Orioles second baseman Brian Roberts scores a run in May 2004. Four months later, Roberts set the American League single-season record for doubles by a switch-hitter. (Kenneth K. Lam, Baltimore Sun).
Sept. 18, 2004: Brian Roberts’ 47th double, in a 12-3 victory at Minnesota, gives the Orioles second baseman the American League single-season record for two-base hits by a switch-hitter. The old mark was set in 1901.
[Algerina Perna, The Baltimore Sun]
The mailed parcels that came to my home carried an underlined No. 6 handwritten in black crayon. It was Post Office code for Baltimore City. The No. 6s once flowed through a buff-brick building on St. Paul Street in the area we call Station North today.
This statue of Samuel Smith, by local sculptor Hans Schuler, stood in what was known as Major General Samuel Smith Park, at the corner of Pratt and Light streets, from 1953-1970. It now surveys Baltimore from atop Federal Hill. (Baltimore Sun photo by A. Aubrey Bodine, Jan. 27, 1957)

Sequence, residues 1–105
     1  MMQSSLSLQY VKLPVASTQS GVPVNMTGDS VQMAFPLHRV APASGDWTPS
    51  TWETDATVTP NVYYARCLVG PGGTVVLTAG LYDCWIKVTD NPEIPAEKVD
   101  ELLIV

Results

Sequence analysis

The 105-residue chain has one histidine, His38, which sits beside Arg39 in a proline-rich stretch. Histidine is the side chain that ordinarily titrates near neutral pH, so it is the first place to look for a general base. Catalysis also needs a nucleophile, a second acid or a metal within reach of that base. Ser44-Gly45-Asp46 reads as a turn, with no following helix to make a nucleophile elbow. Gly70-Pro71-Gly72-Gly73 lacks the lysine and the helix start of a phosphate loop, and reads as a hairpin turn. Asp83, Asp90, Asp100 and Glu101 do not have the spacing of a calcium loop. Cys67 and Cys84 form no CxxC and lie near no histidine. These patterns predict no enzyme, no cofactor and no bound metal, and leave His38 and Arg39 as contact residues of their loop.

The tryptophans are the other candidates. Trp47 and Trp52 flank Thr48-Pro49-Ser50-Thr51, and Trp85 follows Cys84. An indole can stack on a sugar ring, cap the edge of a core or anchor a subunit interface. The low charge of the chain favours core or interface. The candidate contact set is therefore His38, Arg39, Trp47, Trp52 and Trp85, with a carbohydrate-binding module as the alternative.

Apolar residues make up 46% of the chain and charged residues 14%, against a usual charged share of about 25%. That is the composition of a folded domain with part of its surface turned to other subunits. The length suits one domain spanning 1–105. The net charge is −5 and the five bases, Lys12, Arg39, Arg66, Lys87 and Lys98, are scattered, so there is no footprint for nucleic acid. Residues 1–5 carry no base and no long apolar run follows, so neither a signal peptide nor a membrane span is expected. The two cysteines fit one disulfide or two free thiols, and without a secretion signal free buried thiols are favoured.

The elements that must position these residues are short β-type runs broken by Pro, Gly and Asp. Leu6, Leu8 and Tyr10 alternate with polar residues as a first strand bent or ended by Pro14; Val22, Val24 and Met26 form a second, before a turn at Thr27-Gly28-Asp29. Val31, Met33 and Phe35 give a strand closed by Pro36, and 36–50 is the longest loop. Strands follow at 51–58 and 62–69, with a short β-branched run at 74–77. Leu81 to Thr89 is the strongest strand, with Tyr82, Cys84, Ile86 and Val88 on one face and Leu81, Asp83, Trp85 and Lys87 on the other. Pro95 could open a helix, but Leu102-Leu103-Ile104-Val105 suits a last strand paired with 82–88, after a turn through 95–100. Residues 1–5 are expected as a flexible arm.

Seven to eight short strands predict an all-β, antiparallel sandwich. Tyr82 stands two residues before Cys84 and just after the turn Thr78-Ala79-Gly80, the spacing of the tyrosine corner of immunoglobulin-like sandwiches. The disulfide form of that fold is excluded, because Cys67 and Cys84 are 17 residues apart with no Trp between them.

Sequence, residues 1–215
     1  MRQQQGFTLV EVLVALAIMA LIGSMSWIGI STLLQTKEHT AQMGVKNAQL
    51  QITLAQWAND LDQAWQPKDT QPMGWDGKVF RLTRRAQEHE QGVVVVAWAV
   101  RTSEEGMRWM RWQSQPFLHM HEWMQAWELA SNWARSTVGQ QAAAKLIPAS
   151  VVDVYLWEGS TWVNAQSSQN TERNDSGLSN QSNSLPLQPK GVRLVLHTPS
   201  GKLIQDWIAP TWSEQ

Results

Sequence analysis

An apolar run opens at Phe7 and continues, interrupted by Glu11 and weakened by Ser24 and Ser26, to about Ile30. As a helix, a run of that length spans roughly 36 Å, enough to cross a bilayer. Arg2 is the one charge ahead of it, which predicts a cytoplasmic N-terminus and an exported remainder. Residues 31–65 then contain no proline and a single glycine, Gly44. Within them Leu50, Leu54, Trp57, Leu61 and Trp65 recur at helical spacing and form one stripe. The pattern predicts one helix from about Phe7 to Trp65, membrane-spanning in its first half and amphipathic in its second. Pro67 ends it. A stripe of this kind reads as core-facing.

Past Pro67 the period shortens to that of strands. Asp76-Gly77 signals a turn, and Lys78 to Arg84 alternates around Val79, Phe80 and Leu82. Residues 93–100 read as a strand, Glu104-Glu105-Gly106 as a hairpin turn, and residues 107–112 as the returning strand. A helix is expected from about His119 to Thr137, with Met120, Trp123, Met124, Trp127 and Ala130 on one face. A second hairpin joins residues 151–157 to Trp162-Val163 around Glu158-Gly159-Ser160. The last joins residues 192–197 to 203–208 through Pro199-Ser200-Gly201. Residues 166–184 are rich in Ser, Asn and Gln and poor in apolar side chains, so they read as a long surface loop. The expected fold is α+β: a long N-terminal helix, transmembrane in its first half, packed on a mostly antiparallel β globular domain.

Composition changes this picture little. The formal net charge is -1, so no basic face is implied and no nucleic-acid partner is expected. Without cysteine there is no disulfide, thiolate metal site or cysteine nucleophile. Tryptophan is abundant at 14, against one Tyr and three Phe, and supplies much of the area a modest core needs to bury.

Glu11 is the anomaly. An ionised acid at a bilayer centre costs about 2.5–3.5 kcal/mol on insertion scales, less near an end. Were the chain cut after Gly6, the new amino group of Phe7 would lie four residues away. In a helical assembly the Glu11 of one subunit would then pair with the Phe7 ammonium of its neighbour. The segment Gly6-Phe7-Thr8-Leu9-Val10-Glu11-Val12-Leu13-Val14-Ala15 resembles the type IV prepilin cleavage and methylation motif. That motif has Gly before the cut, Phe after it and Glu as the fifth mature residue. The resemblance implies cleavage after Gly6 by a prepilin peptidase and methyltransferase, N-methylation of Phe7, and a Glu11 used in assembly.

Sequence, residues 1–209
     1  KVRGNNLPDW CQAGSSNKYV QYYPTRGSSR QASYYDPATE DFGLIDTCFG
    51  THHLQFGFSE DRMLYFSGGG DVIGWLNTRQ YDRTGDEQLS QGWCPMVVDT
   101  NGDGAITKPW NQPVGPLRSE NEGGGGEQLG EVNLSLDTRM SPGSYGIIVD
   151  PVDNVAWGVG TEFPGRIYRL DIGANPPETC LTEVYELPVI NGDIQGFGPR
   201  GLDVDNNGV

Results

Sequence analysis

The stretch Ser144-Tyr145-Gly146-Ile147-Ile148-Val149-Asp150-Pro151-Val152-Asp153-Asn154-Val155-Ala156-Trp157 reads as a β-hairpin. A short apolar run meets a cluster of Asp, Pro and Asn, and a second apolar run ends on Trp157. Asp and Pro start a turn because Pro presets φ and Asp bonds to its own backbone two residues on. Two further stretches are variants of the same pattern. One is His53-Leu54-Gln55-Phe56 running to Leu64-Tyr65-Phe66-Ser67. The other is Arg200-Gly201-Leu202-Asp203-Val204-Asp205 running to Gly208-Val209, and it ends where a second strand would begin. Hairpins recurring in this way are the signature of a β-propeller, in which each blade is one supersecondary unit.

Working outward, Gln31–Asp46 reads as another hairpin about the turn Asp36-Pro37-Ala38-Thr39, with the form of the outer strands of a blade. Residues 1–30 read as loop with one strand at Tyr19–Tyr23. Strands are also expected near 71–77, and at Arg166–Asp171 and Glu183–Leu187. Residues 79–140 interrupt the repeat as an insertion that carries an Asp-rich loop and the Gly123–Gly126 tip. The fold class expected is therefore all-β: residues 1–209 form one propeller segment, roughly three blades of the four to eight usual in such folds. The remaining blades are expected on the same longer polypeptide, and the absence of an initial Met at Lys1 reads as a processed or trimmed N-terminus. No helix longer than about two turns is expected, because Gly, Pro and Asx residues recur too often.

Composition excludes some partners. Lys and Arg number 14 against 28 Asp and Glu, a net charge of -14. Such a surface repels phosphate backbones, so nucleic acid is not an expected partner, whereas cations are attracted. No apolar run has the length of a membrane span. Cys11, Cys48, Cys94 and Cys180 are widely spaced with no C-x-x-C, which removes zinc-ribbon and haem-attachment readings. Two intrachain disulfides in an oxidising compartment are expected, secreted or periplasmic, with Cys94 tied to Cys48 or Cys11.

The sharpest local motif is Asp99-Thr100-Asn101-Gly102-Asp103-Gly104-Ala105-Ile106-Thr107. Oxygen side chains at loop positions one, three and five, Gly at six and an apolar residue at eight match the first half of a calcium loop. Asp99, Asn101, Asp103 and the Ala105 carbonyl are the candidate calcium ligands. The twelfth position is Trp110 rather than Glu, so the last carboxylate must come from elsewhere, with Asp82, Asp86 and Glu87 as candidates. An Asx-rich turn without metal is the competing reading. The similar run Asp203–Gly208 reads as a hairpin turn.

Those celebrating this week’s bicentennial of the Battle of Baltimore, the bombing of Fort McHenry and the writing of “The Star-Spangled Banner” shouldn’t forget one local landmark with closer ties to these War of 1812 events than just about anywhere else in the city.
Readers: Think you know your Baltimore? Try answering our weekly trivia question. Some weeks will be ridiculously easy, some weeks a bit more challenging. There will be a prize each week for the first right answer. Put your best guess in the “comments” field. Here’s today’s trivia:
QUESTION: What Marylander was the U.S. attorney general who prepared the Declaration of War against England in 1812?
A portrait of the Marylander from the question above. Can you name him? (Baltimore Sun file photo)